What is the concept? Resurrecting many of the undead exterminating mechanics established by 2009’s Burn Zombie Burn!, developer Doublesix offers another dose of amusing apocalyptic action with All Zombies Must Die. One of the core flaws with the studios’ earlier title was its limited depth; Burn focused solely on the slaughter of sizzling, score-increasing mobs. To combat this simplicity, recent Xbox Live Arcade and PlayStation Network release of All Zombie Must Die expands the gameplay with a light role-playing framework. Although this device helps offset the tedium of combat, it also introduces a few new faults as well.
Players take control of one of four characters, video-game devotee Jack, his perpetually perturbed ex-girlfriend Rachel, geeky scientist Bryan, or Lexo, the obliging extraterrestrial. While keen reflexes are helpful when traversing around encroaching swarms of zombies, success necessities more than just a swift trigger finger. With four different afflictions which can affect foes (ranging from fire, radiation, sound, and shock) the methodical murder of the undead is frequently a stipulation for advancement.
As such, All Zombies Must Die is a bit different from the tide of simplistic twin-stick shooters which have deluged console download services. Beyond the aforementioned modifiers which influence loot drops, the title endows players with the ability to conjoin two devices into outlandish weapons as well as supplies a succinct character supplementing system. Tied together by a storyline which regularly concedes video game contrivances, the title offers a bit more that the archetypal scoot and shoot.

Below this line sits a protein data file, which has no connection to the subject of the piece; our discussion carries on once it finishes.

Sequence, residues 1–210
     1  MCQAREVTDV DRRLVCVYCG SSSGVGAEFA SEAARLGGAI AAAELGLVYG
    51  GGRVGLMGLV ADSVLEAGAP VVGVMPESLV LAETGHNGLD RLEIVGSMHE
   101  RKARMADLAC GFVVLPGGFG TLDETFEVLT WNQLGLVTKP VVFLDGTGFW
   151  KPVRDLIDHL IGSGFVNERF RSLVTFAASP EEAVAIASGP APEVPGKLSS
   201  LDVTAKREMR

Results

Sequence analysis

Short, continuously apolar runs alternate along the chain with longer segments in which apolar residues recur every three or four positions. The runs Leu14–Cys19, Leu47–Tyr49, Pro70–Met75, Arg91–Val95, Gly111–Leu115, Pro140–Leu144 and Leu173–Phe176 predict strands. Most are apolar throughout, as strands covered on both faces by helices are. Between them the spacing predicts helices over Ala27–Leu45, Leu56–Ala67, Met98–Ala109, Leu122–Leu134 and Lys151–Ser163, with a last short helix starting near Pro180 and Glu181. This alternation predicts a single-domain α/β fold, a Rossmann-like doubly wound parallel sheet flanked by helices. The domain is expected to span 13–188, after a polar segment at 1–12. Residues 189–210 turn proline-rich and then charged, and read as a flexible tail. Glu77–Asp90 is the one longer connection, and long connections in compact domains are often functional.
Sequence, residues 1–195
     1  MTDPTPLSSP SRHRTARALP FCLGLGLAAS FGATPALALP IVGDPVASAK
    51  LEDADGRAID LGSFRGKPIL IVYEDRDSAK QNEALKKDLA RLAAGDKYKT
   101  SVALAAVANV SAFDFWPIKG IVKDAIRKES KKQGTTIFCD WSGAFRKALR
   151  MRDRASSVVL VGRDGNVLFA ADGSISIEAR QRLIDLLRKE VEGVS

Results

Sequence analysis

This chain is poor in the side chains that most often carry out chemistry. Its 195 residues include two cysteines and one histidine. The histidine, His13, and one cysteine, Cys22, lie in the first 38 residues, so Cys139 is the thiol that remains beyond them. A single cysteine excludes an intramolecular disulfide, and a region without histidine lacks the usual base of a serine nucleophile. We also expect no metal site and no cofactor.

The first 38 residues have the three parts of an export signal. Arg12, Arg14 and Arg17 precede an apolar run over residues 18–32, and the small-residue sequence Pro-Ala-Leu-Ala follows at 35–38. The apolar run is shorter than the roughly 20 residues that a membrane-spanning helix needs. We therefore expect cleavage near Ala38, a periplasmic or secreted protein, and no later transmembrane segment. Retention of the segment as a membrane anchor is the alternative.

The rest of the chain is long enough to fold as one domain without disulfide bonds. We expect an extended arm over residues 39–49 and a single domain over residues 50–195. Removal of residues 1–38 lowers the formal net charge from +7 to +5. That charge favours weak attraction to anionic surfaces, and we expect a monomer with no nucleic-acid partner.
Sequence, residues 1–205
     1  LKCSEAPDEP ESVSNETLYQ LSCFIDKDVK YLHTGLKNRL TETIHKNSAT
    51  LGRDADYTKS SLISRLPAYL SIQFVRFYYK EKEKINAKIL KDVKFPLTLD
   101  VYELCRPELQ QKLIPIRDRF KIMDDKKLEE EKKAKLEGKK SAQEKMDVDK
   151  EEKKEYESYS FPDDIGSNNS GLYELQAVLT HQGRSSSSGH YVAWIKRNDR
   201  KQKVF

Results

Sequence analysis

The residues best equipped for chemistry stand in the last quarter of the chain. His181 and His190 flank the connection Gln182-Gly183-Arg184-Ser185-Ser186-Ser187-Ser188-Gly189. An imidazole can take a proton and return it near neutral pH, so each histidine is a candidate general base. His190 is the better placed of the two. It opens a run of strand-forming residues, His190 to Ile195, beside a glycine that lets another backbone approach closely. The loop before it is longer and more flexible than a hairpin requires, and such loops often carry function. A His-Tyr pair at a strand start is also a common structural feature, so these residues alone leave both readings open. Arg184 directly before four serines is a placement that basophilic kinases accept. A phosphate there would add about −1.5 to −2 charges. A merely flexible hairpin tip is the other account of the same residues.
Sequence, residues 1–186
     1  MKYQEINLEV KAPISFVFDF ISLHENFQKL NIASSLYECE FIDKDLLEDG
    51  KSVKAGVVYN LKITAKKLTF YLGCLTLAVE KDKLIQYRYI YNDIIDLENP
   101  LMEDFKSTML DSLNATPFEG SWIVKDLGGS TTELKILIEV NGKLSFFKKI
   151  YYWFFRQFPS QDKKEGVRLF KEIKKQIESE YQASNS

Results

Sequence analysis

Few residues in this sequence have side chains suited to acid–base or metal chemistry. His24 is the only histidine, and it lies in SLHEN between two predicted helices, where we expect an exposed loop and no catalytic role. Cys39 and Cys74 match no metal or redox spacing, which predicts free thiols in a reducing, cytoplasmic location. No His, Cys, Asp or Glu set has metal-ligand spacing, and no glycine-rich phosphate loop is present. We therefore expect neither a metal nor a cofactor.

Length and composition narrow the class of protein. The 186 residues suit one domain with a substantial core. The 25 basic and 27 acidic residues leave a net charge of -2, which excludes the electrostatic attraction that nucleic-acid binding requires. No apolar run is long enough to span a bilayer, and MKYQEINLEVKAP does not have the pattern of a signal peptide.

What are the game’s strengths? Powered by Unreal Engine 3, All Zombies Must Die delivers a pleasing variety of well-drawn locales elevated by a steady framerate. From wrecked residential zones to deliberately sterile shopping malls, each of the game’s environments is rendered in a whimsical retro-modernist aesthetic. Equally as inspired are the animations for each antagonist, highlighted by the measured gait on a zombie SWAT member or the running-in-place routine exhibited by a reanimated jogger.
What are the game’s weaknesses? For a title which becomes exponentially more enjoyable when additional players join the fray, All Zombies Must Die’s lack of an online multiplayer component is perplexing. As it stands, couch co-op is the preferred method of play, as death in a single-player game stipulates a stage restart.
This problem is compounded by the tendency of AI enemies to surround an on-screen protagonist. Although the developers tried to alleviate the setback with the sporadic distribution of a smart bomb, a single wayward turn has the capacity to drain a full health bar. For multiplayer games this isn’t a problem, as another character can blast an escape outlet amidst an assaulting group, but for the solitary participant, death by besieging baddies can be frustrating. Occasionally, enemies wrestle control away from players- such as when a mutant tosses a character skyward. Ideally, a nimble press of a button would have allowed for an in-air recovery instead of forcing players to idly watch as their health is automatically depleted.
For some, the game’s ceaseless procession of fetch quests will prove tiring long before the credits roll. Although tasks are diversified by alcoves which hold small bonus and combo opportunities, the game’s linear trajectory does little to mask the grind of missions. A reliance on backtracking tends to exasperate the homogeny or errands.
Would I enjoy the game? While players who have completely exhausted their appreciation for twin-stick genre won’t find redemption in Zombie’s role-playing elements, others may be more forgiving. With a crew of comrades strengthened by eccentric weapons, the title comes alive- seamlessly blending cooperative and competitive elements. Regrettably, single players won’t see these virtues- so make sure to round up your mates before committing to this ten dollar download.